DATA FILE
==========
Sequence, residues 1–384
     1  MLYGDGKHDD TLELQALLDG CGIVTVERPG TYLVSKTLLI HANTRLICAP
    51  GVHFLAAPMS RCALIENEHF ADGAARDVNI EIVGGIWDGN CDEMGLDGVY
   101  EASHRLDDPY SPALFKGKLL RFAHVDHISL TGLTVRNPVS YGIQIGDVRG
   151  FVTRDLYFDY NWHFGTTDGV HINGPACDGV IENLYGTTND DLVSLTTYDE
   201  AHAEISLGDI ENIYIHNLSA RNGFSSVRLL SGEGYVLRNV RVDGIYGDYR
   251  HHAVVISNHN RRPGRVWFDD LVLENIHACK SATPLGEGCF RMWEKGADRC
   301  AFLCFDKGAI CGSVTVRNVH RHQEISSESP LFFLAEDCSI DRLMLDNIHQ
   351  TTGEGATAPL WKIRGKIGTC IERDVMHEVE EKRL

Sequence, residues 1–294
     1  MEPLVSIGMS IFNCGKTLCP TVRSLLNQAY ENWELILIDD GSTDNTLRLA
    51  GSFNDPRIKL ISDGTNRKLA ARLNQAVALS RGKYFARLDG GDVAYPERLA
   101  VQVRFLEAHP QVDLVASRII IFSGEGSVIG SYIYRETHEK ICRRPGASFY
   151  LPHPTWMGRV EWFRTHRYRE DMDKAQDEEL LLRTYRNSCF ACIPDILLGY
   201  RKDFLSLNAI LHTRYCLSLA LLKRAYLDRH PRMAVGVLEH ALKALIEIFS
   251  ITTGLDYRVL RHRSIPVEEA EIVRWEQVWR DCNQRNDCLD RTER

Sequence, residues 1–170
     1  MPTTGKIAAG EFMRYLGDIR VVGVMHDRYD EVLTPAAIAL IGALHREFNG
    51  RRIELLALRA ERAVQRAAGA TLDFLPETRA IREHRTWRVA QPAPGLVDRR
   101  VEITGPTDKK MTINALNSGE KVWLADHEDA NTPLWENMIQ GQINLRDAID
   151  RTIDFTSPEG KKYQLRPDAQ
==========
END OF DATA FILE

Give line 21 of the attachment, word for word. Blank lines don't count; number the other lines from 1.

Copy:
   151  RTIDFTSPEG KKYQLRPDAQ